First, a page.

Ideas Matter. Worldview Matters.
Ideas that inform a person’s worldview matter a great deal. We see that clearly in the worldview of Karl Marx, whose ideas led to the deaths of 20 million Soviet citizens in Stalin’s reign. The communist philosophy is basically nihilist and naturalistic. It’s nihilist because it believes life is without meaning. And it’s naturalistic because it believes, like Darwin, that we came to be here only because of random, unguided processes, without purpose or design. So their worldview is grounded in evolution and atheism. Karl Marx once said, “We make war against all the prevailing ideas of religion, of the state, of country, of patriotism. The idea of God is the keynote of a perverted civilization. It must be destroyed.”
Did you know Stalin once trained for the seminary? But somewhere along the way, he rejected God and became a Darwinist. Then he became a Marxist. Svetlana Alliluyyeva, Stalin’s daughter, said of her father and of Beria, the Soviet minister of interior affairs: “Beria seems to have had a diabolic link with all our family… Beria was a frightening, wicked demon. A terrible demon had taken possession of my father’s soul.” Her father, she said, considered goodness and forgiving love to be “worse than the greatest crime.” She also said that on his death bed, Stalin rose up and shook his fist in anger at God.
Like many atheists, Stalin’s creed seemed to be: “There is no God. And I hate him.” Stalin’s atheism informed his worldview. And the result? Twenty million dead. Many more lives ruined.
We can contrast Stalin’s worldview with that of William Wilberforce, a native of Yorkshire, England. In 1780 he entered politics, eventually becoming a member of parliament. Five years later he became an evangelical Christian and experienced the transforming power of Christ.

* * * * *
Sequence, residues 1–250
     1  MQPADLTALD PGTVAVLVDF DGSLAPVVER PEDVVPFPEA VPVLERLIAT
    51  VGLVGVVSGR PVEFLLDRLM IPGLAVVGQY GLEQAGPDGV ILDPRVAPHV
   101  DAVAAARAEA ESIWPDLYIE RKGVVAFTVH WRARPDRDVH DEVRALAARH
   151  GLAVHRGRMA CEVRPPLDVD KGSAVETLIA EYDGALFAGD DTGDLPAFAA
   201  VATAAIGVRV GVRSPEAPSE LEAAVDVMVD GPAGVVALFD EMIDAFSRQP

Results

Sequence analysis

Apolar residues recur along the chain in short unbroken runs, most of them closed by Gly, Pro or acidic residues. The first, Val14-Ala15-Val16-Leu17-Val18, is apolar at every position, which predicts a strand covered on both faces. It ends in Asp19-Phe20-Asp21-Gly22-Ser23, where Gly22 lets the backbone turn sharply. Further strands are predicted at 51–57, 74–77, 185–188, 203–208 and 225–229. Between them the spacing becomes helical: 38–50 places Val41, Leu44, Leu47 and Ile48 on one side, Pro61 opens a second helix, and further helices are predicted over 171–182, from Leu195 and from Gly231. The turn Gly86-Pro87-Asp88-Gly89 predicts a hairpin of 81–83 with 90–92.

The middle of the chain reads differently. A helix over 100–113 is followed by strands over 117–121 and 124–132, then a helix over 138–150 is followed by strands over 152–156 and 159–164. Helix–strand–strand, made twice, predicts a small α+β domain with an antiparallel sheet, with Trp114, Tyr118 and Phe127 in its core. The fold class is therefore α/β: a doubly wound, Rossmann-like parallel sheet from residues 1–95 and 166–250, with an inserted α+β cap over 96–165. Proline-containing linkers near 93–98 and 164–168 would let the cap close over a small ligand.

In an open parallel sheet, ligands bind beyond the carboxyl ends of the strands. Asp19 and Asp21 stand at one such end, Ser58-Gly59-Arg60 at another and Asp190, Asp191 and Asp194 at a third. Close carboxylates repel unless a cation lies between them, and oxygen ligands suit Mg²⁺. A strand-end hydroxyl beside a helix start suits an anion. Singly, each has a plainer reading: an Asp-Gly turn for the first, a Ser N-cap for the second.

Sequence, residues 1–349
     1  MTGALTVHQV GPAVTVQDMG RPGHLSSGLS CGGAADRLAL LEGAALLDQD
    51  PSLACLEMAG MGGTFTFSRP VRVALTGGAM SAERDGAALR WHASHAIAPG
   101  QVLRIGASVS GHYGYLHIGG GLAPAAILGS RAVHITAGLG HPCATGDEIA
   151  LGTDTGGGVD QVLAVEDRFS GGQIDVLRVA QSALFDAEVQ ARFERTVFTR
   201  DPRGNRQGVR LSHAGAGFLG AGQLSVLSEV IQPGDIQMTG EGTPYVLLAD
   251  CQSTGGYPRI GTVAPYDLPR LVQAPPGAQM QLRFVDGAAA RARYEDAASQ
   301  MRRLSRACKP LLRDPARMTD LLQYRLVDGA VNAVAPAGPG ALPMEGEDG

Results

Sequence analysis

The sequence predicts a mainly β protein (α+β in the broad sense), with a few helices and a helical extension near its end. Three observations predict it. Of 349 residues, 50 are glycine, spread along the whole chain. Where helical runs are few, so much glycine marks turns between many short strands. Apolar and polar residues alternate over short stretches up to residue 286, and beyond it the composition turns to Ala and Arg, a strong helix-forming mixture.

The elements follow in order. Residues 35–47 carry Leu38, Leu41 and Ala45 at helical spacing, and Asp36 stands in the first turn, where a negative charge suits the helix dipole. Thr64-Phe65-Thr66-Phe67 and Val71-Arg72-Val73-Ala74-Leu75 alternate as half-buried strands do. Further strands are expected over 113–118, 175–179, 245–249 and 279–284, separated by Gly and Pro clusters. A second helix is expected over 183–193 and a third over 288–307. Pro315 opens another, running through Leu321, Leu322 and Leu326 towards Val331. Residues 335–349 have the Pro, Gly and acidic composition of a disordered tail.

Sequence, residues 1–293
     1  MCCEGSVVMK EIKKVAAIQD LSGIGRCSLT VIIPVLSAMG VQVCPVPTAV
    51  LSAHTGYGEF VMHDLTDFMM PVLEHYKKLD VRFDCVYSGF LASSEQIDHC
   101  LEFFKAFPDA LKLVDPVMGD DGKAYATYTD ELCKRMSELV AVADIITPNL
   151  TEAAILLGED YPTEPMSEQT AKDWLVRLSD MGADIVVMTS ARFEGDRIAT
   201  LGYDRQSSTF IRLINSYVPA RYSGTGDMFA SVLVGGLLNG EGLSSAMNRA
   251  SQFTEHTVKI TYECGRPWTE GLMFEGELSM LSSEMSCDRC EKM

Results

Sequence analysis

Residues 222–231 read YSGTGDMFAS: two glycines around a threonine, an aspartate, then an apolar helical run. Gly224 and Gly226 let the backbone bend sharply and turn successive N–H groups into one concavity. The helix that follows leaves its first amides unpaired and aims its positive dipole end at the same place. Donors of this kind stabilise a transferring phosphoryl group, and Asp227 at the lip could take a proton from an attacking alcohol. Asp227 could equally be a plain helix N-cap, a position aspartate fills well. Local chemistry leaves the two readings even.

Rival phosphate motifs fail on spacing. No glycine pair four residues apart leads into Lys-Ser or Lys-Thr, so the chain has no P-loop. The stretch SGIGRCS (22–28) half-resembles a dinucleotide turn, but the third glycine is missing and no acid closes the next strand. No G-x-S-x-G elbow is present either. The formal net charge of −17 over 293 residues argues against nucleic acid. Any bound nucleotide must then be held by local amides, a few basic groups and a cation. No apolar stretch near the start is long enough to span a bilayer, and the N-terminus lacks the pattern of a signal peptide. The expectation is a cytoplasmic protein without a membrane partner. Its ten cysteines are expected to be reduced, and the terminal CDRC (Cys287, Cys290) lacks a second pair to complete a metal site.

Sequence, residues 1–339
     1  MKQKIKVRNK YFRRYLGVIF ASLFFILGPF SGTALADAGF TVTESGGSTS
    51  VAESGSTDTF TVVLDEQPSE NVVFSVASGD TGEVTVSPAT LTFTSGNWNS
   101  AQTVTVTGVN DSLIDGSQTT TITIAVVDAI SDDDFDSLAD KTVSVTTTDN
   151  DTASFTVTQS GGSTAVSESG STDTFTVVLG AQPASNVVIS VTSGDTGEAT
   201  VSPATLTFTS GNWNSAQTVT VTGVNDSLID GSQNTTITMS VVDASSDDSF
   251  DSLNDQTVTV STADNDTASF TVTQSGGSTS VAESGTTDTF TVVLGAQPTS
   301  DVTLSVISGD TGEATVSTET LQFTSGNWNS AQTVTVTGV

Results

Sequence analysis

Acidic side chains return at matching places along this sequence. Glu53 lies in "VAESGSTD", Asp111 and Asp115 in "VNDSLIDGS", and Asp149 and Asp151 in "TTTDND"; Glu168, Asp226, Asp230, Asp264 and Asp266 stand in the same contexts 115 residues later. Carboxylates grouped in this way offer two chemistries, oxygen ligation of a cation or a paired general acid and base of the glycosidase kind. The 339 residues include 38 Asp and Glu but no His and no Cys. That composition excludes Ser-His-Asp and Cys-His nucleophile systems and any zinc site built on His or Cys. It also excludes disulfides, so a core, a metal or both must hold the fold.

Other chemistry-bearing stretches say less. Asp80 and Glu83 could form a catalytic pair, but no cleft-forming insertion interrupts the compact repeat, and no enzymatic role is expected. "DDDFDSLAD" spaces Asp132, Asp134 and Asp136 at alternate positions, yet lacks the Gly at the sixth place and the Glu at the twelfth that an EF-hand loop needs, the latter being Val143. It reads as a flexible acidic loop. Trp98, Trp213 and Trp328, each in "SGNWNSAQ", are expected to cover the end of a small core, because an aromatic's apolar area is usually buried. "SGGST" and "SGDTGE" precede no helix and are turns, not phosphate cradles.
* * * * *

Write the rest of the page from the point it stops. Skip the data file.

Then in 1787 Wilberforce saw firsthand the evils of the slave trade. He learned how they packed men shoulder to shoulder in the cramped, reeking holds of the Liverpool slave ships and how they fastened the unfortunates together with leg irons. During the transit from Africa to the colonies, slaves died in such numbers that the seamen would throw overboard the carcasses of one third of their “cargo”. Not often mentioned is that the slave ships were so unhealthy even the seamen on those vessels died in the same proportions. (From: Between the Devil and the Deep Blue Sea, by Marcus Rediker.)
Wilberforce saw this evil. He couldn’t reconcile it with the teachings of Christ. Against the advice and warnings of friends and allies, he took up the cause of abolition. He became its most ardent activist. For twenty six years, year after year, he introduced a bill in parliament to outlaw the buying and selling of human beings. But every year his bill was voted down. The other parliamentarians began to view him as an outcast. At times he felt nearly alone in his fight to end the abomination of slavery. But he persevered. Then in 1807 Parliament passed the Slave Trade Act. This was the beginning of the end for the slave trade in Britain. If you haven’t seen “Amazing Grace”, the movie chronicling his life, it’s worth a look.
William Wilberforce held a Christian worldview. And he changed the world.
Our search is for the meaning of life, but it’s also for a consistent, coherent worldview based on truth. Of the worldview examples we’ve now shown, wouldn’t we want ours to be a force for good in the world like William Wilberforce’s?
Next time we’ll ask the questions that, when answered, will give us the meaning of life and form the basis for our search.